India’s opposition party posted some tweets that the Indian government declared to be misinformation. For some reason, the Indian government decided that the proper answer to tweets they didn’t like was to send the police terrorism squad to Twitter headquarters in New Delhi. The police showed up long after office hours, which wouldn’t have mattered because the Twitter office was closed for pandemic quarantine anyway.
Rather than pretending it never happened, the task force decided to release a video of themselves raiding the lobby of the building and attempting to argue with a pair of very confused security guards.
Although the events that transpired were comically absurd in the way they lacked any foresight of common sense, they’re very sinister below the surface. The Indian government still felt the need to send a terrorism task force to the Twitter headquarters as though a tweet they didn’t like was a national emergency.
India’s Horrifying New IT Rules
India’s constitution guarantees freedom of speech and takes it away in the very next lines. The “except” part of freedom of speech is if the government deems your speech a risk to national security, public order, or something vaguely declared “decency”. These caveats render the alleged freedom of speech too vague to be useful or meaningful.
India’s current government recently extended the exceptions to freedom of speech and applied those extensions to the internet. The problem with these stipulations is that India does not want to be responsible for enforcing them.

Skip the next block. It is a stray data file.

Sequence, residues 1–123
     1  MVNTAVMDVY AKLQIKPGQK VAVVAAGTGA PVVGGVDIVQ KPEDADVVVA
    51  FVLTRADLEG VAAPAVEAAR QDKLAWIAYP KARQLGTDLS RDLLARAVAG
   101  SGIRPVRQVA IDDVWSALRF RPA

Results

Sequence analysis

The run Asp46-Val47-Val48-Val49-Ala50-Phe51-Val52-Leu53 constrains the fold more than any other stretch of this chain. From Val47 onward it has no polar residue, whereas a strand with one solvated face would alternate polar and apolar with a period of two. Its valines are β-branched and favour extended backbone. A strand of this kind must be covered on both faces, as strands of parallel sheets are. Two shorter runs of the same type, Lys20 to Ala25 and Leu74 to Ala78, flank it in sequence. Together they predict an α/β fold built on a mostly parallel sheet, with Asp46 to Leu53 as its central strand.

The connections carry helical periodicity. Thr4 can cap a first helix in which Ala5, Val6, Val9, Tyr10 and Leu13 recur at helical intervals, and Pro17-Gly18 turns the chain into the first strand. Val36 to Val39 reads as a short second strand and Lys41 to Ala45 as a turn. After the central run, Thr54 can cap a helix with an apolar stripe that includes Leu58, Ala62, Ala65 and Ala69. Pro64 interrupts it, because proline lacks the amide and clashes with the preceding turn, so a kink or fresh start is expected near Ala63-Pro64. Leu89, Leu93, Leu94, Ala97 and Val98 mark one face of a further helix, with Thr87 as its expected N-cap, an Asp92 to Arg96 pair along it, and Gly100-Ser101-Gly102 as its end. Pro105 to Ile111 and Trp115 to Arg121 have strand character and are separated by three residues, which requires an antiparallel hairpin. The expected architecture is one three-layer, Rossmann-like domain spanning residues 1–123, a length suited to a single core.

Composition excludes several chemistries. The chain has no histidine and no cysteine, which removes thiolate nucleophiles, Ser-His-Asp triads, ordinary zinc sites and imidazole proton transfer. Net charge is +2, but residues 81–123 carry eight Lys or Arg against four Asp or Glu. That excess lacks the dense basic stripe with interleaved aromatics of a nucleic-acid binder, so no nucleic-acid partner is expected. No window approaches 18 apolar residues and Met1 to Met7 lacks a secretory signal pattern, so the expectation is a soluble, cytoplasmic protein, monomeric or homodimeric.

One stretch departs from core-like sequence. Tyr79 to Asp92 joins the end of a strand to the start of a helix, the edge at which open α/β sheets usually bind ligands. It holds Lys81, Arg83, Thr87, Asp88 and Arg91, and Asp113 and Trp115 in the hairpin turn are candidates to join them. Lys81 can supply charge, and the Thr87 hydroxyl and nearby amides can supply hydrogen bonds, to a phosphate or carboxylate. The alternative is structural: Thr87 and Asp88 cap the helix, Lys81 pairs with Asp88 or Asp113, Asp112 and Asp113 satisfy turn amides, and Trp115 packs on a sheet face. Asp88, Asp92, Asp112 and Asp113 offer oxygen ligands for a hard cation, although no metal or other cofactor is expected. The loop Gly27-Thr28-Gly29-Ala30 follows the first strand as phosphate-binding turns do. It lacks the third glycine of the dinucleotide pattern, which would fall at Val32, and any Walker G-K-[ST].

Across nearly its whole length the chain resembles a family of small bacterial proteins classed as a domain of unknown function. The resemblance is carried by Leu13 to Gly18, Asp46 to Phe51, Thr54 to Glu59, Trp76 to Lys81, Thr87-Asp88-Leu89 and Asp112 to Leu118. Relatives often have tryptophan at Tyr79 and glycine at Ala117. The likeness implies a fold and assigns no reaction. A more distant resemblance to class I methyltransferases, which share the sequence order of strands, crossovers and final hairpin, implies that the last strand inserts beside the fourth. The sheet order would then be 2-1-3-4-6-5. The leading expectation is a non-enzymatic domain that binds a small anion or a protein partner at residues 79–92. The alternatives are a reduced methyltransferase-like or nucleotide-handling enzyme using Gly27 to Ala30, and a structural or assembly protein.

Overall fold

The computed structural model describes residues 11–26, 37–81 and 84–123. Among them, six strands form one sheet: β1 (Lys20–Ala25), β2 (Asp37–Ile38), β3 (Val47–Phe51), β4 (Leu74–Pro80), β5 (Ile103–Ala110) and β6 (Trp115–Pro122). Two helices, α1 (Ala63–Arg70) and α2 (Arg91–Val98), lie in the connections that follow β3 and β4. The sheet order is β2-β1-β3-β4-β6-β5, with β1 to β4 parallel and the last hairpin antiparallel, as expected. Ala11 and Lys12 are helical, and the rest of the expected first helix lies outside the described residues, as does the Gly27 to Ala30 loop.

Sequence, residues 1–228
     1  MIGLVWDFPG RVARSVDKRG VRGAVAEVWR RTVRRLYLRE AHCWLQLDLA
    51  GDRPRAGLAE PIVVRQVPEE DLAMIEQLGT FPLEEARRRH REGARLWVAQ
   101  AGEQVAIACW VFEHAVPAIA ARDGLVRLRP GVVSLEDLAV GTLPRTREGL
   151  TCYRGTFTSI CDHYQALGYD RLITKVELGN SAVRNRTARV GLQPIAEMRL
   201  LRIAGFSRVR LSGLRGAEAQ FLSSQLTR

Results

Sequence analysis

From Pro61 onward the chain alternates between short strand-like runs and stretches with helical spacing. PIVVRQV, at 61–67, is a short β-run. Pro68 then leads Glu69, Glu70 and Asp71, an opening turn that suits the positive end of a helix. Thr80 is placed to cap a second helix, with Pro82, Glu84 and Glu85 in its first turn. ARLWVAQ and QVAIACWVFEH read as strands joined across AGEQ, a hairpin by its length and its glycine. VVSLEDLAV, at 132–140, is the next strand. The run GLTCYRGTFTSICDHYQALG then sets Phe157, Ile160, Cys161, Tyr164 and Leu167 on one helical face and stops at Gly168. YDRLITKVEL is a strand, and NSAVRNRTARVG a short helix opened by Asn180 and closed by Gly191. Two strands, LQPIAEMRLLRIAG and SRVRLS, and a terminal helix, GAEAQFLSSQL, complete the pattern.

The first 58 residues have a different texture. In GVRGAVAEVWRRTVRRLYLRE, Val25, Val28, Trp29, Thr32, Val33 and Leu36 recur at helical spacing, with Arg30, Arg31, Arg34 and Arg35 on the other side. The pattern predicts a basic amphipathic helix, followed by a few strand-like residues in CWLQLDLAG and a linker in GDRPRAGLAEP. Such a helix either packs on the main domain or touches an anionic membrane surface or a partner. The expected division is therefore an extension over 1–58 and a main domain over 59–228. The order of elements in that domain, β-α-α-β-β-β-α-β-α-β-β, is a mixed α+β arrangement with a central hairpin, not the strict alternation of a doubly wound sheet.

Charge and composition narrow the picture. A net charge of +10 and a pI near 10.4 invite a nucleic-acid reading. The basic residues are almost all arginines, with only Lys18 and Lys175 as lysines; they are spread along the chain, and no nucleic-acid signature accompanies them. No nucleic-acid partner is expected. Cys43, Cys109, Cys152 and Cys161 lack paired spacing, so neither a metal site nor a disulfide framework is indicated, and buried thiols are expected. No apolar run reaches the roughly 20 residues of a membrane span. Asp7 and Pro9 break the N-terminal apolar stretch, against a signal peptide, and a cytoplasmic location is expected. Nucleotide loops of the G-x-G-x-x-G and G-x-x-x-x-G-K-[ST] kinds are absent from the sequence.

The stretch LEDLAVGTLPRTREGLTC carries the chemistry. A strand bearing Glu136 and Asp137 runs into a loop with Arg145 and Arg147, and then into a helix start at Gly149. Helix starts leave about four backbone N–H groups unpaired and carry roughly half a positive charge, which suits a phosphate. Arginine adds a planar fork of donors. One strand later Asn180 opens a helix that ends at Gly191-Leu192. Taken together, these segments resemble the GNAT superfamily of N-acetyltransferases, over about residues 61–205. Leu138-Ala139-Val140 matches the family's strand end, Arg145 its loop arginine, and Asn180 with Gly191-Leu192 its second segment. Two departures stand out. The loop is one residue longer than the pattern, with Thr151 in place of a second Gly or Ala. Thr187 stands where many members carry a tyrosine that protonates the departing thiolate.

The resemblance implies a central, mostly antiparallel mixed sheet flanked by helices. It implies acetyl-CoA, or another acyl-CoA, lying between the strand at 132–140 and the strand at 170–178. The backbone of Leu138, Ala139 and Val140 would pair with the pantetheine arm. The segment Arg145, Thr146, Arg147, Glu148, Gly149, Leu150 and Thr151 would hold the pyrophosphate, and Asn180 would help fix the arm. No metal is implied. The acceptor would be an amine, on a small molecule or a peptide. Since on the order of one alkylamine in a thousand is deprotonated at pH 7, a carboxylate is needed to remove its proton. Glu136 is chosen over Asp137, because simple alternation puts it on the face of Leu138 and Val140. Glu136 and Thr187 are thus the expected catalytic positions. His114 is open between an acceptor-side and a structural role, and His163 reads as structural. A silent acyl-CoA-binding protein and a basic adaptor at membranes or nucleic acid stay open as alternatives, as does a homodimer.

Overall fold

They’re requiring social media platforms to prohibit users from posting content that violates India’s restrictions. Some of these stipulations are commonplace and are already overseen by social media platforms. Many social media platforms prohibit sharing private information about other people (also known as doxxing) or content harmful to children.
Things become complicated with India’s ban on social media posts that could be interpreted as “defamatory” or “obscene”, two words too vague and subjective to appropriately police.
India requires social media platforms to remove the content, report the user, follow the chain of circulation, and identify anyone else who may have shared that content. If companies don’t comply, India intends to hold them liable in criminal court. The Indian government is, quite literally, threatening to jail the employees of social media companies if they don’t do as they’re told.
India has the power of numbers, much in the same way that China does. Both countries contain over a billion people. Nearly ⅓ of the world’s total population lives in either China or India. Platforms can’t afford to upset the authorities that rule these markets, or they will lose a substantial amount of revenue. Twitter and Facebook are already banned in China, and they may not be willing to lose India as well.
Compliance With India’s Censorship Laws
When the new rule set was implemented, India gave tech companies three months to comply. Facebook and Google have already opted in. Twitter is requesting more time. Social media platforms aren’t willing to damage their bottom line to the tune of a billion potential users. India used its power of numbers to force platforms to censor people, and the Indian government won.
The only company pushing back is WhatsApp, who have formally filed a lawsuit against the government of India calling their widespread and strict censorship requirements “a new form of mass surveillance.” WhatsApp asserts that true compliance to India’s requests would be impossible and unethical.
It’s Time to Start Using a VPN
The only way for citizens of India to speak freely on the internet is to use a different name and post from a different country. A stealth protocol VPN is undetectable by the government and will remove any blocks, restrictions, or other forms of censorship the government imposes on the internet by making the traffic appear to come from a country without internet restrictions.
If you don’t want the Indian government to dictate what you can and cannot do on the internet, use TorGuard when you browse. You can’t work with censorship, but you can always work around it.